On the Dial | Erick Lyle's SCAM
'SCAM' was the name of a zine put out by Iggy Scam, née Erick Lyle, some of which was later assembled into the terrific collection, On the Lower Frequencies: A Secret History of the City, published by Soft Skull in 2008. Lyle is an artist and activist, who spent a good chunk of time organizing punk shows, protests against the city of San Francisco's housing policies, against the war, railing against Reagan, passing out clean needles or vegetarian food, and generally fighting the good fight.
Lyle's writing has been in my thoughts a lot this past week in the wake of our presidential election. I began reading 'SCAM' when I was young and especially idealistic, living in San Diego in the midst of the 2004 presidential election, generally disillusioned with the literature I was reading and the bleak state of the world at the time. His latest issue at that time dealt a lot with this idea that the problems have been identified and vilified, but now what? Which is a question we're asking ourselves this week.
In Lyle's writing, the question evolved from 'what are you against?' to 'what are you for?' I think it explains a lot of the apathy of the 2016 election. I heard reporters on NPR saying this was the first election where people weren't necessarily voting for a candidate, but rather against a candidate, which is an important distinction.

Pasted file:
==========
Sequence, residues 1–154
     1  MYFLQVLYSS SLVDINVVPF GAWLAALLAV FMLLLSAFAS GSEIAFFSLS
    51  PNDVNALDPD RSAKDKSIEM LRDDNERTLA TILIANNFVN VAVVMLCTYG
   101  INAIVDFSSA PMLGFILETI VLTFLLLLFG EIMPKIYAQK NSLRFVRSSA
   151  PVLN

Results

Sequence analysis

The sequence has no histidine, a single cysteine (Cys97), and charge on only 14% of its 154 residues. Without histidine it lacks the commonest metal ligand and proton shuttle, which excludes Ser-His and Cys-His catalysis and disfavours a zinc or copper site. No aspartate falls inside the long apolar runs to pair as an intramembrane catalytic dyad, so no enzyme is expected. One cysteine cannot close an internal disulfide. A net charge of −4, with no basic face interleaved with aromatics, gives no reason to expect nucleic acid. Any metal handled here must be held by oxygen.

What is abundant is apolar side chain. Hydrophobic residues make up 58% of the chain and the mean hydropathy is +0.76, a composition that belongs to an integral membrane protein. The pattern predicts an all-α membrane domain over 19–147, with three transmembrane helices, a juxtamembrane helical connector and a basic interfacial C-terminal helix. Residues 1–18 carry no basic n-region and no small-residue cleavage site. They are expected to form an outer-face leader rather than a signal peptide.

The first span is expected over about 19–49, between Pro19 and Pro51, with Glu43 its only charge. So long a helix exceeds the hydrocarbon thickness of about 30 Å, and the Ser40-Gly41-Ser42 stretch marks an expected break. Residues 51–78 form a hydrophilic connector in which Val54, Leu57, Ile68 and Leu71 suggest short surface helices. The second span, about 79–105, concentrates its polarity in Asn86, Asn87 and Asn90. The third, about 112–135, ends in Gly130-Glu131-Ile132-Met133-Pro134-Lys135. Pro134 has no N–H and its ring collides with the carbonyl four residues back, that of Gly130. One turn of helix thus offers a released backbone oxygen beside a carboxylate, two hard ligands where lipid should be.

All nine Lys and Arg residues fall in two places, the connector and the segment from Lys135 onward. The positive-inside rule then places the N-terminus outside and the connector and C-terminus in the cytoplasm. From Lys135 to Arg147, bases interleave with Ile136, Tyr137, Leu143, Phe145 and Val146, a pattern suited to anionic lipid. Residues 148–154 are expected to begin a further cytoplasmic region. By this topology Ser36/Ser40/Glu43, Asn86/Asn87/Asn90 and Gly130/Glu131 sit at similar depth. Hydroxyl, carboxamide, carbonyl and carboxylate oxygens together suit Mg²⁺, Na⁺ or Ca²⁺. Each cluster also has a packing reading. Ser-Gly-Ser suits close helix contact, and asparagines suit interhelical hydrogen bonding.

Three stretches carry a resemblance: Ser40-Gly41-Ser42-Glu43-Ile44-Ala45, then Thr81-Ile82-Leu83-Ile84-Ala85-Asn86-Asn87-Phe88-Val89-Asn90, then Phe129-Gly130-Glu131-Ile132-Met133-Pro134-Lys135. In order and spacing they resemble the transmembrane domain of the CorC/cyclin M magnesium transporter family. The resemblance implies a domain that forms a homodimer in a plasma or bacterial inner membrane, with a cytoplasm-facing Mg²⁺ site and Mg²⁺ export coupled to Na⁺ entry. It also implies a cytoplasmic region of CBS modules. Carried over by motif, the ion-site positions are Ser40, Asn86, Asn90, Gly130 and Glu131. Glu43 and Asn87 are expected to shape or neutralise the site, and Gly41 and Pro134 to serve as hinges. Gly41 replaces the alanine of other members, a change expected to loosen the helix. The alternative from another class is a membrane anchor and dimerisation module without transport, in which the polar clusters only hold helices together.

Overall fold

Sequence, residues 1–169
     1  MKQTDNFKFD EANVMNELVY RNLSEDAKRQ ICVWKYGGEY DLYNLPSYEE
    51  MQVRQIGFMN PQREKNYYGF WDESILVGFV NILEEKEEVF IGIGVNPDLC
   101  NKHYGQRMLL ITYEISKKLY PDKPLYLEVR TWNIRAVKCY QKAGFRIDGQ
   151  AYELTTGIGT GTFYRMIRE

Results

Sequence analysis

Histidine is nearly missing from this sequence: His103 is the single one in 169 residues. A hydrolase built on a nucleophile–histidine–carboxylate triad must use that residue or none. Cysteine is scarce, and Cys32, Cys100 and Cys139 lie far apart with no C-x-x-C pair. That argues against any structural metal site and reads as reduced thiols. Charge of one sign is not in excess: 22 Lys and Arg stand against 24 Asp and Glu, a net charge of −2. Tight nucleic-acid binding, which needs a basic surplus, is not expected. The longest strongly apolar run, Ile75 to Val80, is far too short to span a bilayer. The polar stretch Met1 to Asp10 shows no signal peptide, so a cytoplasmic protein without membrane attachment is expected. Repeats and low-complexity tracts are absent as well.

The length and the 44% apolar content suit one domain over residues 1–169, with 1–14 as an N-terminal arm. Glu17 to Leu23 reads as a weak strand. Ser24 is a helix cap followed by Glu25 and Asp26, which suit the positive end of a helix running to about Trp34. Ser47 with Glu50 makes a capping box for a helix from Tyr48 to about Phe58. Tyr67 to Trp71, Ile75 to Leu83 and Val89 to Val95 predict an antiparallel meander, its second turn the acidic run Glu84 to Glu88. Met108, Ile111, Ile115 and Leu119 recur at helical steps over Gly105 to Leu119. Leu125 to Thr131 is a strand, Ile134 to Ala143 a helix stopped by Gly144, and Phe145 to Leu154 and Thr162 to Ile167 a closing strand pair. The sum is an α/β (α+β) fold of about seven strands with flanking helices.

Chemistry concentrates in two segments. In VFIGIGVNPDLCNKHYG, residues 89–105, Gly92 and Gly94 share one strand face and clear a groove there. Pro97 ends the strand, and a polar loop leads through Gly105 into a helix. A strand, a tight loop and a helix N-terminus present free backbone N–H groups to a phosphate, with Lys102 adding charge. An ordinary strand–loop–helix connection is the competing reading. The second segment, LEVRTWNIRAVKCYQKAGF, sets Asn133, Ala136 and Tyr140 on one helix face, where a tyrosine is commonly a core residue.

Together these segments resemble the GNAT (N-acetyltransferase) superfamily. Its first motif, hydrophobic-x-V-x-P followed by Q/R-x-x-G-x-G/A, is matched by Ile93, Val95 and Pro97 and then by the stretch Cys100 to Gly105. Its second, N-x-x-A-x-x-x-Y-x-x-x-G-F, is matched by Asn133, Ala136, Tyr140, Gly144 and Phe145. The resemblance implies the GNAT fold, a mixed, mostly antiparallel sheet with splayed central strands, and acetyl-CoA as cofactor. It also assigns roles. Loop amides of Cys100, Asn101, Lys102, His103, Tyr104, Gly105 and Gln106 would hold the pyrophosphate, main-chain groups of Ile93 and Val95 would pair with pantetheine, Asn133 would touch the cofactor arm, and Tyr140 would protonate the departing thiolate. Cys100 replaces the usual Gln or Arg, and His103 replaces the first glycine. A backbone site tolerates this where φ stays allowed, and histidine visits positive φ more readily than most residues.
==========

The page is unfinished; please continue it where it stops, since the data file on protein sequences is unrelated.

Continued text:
On Christmas 1999, Lyle and a bunch of friends had a "Fuck Christmas! Let's Paint" party, where they congregated at an abandoned warehouse in the port and spent the day painting. With the new millennium approaching, Y2K was all the buzz, along with all of the imaginative apocalyptic scenarios. Lyle wanders from the party and climbs a 5-story crane, looking down and observing his friends. It's one of the more bucolic scenes in the book. Lyle writes:
"It seems like, my whole life, people have been waiting for some big event—the end of the world, the revolution. In SF now, people even talk openly of waiting for a huge earthquake to come scare off the yuppies and destroy all the banks. But what if you just lived how you wanted to, instead of waiting? What if we wanted 'the beginning' instead of the end?"